The $42 Intel CPU: Celeron G6900 Review

Ben Myers

Posts: 197   +78
"low budget office use." With that phrase, you are doing a world-class job of perpetuating the myth that people working in an office do not need a lot of computing horsepower. With even a low-salaried office worker, say a pathetic $20000 annually, the cost of a thousand dollar computer is only 5% of the worker's salary, but that thousand dollars can be leveraged into far more productive work hours, compared to cheap hardware that would have one of these Celeron CPUs.

What you've done here is feed into the mindset of company owners and beancounters who have made penny-wise and pound foolish investments in their employees for decades.

My own experience with a worst case scenario is as follows. The owner of a small company overloads his laptop, limited capacity, with spreadsheets, documents, PDFs and tens of browser tabs, then complains when the laptop does not work well. But he is too darn cheap to recognize that a $2000 investment in a top-class laptop would make his most valuable and highly salaried employee far more productive than he is today.

On the other hand, I would expect the Celeron G6900 to be useful in a system seeing low use and needing low bandwidth and maybe a touch screen instead of a keyboard, for example an automated teller machine.
 

Fastturtle

Posts: 70   +38
The new Celeron isn't for Gamers or anyone needing more then basic office software. It would be interesting to see how well it performs with many of the common apps used by a large business such as Data Entry, Email, Word and such as it's either aimed at that market or the embedded withere you don't need much CPU such as a Synology or Qnap storage NAS.
 

BadThad

Posts: 1,039   +1,193
I'll tell you who it's for - cheap PC/laptop manufacturers. It will find it's way into some very low level computers that will be bought by ignorant consumers based on price.

Great article, I can appreciate the amount of work that went into this test. GOOD JOB!
 

Shirley Dulcey

Posts: 33   +27
"there are much better alternatives for essentially the same price."
you forgot to mention those $42 CPUs you can buy today instead of this one
your affiliate links showing double the price so we really do not know what you are talking about in the article?
"Given you can buy the Core i3 processor for $85 right now, it makes the G6900 very hard to justify for just $10 less," in what universe is $85 just 10 more than $42?
in Europe the 12100F is 85%-100% more expensive than G6900

As the article points out, the current street price of the G6900 is $75. That's $10 less than the $85 street price of the 10100F. The G6900 might make a bit more sense if you could actually buy it for $42, especially for non-gaming systems that are not going to get a GPU -- note that like all F-series processors, the 10100F does not have an iGPU, so it will cost a lot more to build a 10100F-based system.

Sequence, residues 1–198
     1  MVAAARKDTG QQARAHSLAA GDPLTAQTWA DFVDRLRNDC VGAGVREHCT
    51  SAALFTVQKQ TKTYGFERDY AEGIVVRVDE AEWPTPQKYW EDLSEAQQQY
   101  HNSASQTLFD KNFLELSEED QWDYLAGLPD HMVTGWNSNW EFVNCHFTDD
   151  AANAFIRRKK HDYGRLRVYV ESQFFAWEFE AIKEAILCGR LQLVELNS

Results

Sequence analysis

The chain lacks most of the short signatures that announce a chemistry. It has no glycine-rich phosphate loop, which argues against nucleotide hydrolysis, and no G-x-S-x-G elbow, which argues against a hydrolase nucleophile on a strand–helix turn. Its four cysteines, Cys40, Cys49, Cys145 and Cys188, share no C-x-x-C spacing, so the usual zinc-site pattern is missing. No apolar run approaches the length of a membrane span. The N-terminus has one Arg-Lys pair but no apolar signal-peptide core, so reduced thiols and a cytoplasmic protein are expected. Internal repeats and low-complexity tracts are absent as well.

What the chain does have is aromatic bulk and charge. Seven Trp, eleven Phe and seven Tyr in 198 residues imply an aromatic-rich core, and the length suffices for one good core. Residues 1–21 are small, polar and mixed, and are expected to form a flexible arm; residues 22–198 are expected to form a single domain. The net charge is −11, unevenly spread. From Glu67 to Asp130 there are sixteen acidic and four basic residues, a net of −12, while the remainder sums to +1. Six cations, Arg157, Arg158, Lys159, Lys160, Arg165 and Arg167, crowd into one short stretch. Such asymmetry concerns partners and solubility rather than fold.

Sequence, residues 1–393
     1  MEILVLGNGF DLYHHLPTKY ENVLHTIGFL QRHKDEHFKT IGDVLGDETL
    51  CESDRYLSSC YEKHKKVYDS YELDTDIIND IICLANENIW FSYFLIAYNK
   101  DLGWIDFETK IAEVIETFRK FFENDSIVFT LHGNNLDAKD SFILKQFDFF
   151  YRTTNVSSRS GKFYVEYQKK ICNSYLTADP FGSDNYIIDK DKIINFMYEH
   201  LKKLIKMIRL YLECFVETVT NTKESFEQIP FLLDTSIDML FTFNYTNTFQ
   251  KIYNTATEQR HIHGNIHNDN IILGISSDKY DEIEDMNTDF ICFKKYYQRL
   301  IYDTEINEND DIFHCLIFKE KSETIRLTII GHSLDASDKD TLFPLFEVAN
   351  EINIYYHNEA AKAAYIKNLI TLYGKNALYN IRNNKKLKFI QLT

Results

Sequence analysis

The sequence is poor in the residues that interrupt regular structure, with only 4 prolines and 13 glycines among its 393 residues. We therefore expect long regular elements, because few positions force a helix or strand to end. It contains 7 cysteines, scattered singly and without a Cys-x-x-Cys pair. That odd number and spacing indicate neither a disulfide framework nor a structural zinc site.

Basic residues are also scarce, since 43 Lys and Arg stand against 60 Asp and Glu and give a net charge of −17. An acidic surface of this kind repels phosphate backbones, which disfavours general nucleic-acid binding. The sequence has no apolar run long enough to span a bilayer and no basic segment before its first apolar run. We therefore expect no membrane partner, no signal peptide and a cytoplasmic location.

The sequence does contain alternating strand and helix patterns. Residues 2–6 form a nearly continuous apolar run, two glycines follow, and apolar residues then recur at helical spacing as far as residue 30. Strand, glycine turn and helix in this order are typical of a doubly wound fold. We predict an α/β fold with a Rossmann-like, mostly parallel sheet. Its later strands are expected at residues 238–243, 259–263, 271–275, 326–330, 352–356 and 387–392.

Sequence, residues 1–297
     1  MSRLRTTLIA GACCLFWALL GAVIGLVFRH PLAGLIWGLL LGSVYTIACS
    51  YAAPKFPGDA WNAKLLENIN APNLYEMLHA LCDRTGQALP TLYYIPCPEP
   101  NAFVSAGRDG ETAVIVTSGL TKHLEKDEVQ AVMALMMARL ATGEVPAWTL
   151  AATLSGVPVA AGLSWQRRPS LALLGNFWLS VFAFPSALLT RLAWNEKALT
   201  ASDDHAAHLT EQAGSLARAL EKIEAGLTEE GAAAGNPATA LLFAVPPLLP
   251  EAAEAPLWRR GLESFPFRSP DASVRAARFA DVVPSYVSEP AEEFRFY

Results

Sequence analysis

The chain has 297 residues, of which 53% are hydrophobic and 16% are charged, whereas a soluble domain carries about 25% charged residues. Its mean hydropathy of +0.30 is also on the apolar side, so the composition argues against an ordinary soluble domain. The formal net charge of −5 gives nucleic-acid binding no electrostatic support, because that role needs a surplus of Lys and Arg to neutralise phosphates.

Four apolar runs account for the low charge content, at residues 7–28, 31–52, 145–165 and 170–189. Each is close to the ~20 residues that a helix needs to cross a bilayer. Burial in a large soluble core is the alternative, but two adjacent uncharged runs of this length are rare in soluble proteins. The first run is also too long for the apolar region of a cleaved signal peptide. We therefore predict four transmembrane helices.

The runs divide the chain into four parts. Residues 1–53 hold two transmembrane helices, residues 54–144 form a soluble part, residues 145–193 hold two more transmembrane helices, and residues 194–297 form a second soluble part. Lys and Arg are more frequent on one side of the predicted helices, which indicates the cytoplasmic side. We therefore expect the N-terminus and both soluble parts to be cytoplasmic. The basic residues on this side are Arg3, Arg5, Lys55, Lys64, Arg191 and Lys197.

defaultluser

Posts: 412   +333
It boggles the mind that, ten years after Intel introduced the dual-core celeron, were still stuck on that same page!

In that same time period, the core i3 has doubled it's core/thread count, and the Pentium has added both ht and a high-end IGP cut!


To me,tthe most embarrassing part of all this? the fact that Windows 11 requires 4 threads! this easy spec change could have massively lowered the cost-of-entry (8 years ago, I had a friend build a budget gaming system with a Celeron - that's no longer viable in any way!)
 
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These are now $69 AUD from a number of sites in Australia. This compares to the 10105 (non F) at $179. The issue is that the $69 part comes with a GPU (of a lesser kind) and the F versions of 10100 and 10105 don't. So this step is not an extra $10 as mentioned by Steve.
 
It boggles the mind that, ten years after Intel introduced the dual-core celeron, were still stuck on that same page!

In that same time period, the core i3 has doubled it's core/thread count, and the Pentium has added both ht and a high-end IGP cut!


To me,tthe most embarrassing part of all this? the fact that Windows 11 requires 4 threads! this easy spec change could have massively lowered the cost-of-entry (8 years ago, I had a friend build a budget gaming system with a Celeron - that's no longer viable in any way!)
They should at least roll down the 4 cores to Pentiums and make the Celeron a 2c/4t
 

hwertz

Posts: 141   +80
This CPU looks dreadful. I've dealt with this before -- "Lets keep the CPU clock low", "AND disable hyperthreading" (can't help), "AND give it slow RAM and low cache" (ensuring low performance per clock as well as being low-clocked.) Sure makes sure that performance is abysmal!

Just to note, there are some dual cores that are not this bad -- I have a Acer now with a Core i3-1115G4 system right now, dual core, but with hyper-threading. I didn't expect much, the Dell I had before started acting up unexepctedly and I had to replace it on a tight budget. This had a Ryzen 3050U with Zen2+ in it (quad-core). Since this Core i3-1115G4 will boost each core up to over 4ghz, it's no slouch, it's actually very close to the quad-core I had previously in terms of actual performance, and it's about 75-80% the performance of the quad-core version of the same Core I3 (since the quad-core i3 would only boost the cores up to like 2.7ghz or so.)

Shockingly, (perhaps due to the excellent state of the Intel drivers in Linux), the FPS is very close between the Intel onboard whatever versus the AMD GPU in the Ryzen too.